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Looks like lenticularis, a pile d’assiettes where the stack is dramatically shifting off center. Lenticularis clouds are common in mountainous or hilly areas.
Do you have more details about the circumstances? Where or how log did you observe it?
George, that’s a champion suggestion; and congratulations to Simona Halep from Constanza, Romania’s first Wimbledon champion.
You ask the right questions, Based on my guru (Clouds and Weather, R.K. Pilsbury) wave clouds occur when 1) There was an inversion of temperature with height 2) Wind direction was fairly constant with height 3) Wind speed increased with height 4) Wind speed at 2.000 feet was at least 20 knots.
There can be a train of waves (not here). The stack is stationary; it can be set up by (even a low) ridge of hills (but not an isolated hill), and some way away (15 miles in one example).
One questions whether there might be a ridge of hills to the right causing the stack, with wind blowing right to left. There can be a roll cloud below the lowest lenticular (turbulence), possible here perhaps.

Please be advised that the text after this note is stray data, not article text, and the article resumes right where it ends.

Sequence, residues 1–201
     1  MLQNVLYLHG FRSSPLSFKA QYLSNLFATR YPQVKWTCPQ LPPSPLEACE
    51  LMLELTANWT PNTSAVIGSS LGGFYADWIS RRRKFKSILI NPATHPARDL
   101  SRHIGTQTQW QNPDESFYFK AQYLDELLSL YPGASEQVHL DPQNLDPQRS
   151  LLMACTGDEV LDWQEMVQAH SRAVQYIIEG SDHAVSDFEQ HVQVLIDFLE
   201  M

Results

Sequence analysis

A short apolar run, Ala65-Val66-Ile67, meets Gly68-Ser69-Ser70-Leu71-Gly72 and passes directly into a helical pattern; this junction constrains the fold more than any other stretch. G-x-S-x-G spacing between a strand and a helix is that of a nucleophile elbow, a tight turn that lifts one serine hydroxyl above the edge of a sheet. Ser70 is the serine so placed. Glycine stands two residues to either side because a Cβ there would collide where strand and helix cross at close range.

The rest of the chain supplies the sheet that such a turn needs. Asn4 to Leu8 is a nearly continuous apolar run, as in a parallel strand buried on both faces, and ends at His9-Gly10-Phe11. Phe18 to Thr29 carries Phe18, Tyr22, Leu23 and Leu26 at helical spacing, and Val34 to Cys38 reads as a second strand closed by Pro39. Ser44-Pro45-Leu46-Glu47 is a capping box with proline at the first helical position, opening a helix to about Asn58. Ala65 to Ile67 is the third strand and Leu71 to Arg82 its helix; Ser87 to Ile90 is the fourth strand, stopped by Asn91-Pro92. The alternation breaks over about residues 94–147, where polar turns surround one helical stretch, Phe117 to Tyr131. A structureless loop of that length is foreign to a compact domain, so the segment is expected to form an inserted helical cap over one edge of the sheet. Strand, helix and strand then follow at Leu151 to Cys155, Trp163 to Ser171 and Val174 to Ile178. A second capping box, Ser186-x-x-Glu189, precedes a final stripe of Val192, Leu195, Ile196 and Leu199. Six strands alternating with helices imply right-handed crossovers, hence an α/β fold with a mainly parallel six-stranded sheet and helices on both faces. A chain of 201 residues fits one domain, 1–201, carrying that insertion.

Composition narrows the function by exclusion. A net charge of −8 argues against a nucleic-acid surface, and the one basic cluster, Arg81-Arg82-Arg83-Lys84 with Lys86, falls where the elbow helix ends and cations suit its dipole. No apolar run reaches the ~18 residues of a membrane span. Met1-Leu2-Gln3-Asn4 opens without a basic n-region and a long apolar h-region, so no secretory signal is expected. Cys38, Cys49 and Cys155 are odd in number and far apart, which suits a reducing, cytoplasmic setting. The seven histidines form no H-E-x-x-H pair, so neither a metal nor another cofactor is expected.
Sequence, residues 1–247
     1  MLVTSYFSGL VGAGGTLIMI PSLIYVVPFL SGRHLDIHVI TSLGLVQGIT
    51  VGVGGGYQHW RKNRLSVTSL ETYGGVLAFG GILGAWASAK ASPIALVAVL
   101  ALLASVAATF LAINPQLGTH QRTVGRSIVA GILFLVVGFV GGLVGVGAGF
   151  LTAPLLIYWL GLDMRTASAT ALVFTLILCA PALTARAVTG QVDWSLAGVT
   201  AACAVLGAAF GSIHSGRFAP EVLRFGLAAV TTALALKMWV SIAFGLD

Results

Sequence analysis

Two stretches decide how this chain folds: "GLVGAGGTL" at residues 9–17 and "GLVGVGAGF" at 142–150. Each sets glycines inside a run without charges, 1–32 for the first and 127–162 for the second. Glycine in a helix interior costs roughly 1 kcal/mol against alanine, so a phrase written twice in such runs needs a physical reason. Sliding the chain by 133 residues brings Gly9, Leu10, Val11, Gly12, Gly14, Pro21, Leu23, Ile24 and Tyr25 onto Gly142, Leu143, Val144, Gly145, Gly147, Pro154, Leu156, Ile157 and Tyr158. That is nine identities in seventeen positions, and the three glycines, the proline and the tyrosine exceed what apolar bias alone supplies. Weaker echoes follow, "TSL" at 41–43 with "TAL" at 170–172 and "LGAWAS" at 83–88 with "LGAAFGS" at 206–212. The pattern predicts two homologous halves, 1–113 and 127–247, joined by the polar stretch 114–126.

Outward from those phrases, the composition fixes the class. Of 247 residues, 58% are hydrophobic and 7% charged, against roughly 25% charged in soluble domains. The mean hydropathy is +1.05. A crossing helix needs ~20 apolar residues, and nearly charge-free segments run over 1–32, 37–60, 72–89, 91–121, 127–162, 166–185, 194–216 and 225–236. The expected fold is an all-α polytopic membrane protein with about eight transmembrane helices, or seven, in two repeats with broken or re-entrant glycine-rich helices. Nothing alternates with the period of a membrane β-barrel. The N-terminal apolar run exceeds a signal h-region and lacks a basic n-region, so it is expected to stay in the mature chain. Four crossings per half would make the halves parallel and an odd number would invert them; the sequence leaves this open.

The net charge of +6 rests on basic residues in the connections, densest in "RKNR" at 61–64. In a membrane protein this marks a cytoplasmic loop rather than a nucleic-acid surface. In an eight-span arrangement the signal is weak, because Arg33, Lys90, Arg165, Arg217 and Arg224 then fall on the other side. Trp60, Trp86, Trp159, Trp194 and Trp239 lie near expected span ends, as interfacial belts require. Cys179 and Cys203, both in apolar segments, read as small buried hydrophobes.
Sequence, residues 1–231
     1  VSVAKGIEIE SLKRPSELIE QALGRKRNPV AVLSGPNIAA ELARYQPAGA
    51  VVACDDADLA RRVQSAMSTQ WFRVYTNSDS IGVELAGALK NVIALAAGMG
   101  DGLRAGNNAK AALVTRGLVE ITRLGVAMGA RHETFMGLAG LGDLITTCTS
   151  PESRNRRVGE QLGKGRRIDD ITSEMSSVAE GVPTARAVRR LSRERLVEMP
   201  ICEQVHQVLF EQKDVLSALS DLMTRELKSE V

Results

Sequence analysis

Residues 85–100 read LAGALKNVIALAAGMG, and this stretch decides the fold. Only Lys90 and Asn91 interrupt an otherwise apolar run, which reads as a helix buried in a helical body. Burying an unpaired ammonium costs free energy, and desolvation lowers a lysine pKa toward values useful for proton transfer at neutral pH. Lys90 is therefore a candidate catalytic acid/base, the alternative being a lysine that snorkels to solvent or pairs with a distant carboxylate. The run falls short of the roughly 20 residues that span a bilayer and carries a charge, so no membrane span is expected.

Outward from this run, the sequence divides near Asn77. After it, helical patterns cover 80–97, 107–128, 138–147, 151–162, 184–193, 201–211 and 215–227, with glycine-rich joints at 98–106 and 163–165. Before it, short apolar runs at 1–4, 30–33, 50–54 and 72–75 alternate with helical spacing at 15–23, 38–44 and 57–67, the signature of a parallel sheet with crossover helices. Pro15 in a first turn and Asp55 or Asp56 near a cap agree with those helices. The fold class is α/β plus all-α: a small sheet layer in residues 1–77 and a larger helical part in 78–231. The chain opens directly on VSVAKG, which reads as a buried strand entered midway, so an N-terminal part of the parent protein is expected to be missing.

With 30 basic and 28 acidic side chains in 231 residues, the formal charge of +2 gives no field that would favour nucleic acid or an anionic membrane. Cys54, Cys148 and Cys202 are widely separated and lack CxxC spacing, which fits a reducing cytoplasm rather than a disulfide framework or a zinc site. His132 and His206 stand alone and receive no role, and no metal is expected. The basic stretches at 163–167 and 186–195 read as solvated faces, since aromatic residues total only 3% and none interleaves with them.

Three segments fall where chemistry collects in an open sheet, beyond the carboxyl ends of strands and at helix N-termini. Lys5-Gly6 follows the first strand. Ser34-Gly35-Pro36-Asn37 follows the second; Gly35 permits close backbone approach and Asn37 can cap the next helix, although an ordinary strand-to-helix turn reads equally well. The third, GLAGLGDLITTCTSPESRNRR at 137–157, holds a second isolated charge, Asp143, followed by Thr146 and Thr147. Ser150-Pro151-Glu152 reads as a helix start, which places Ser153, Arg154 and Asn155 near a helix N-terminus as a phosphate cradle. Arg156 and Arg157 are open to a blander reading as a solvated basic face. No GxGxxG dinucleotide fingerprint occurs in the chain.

The UK Guardian Journal has a centre page spread picture today 19AUG2019 –
Sunset and storm ‘An early evening at Eilean Donan Castle, near Dornie in the west coast Highlands of Scotland. Taken in 2016’ by Dave Harnetty/Guardian Community
However I can not link to the picture because The Guardian uses Press Reader to protect it unless you sign up. (Google will give you pictures of the castle, seemingly a hotel now).
My point is that the water and landscape to the left of their picture is not dissimilar to McKessar’s third picture above. And there is a (sunlit) pile d’assiette in roughly the same position. It’s a great monochrome picture.
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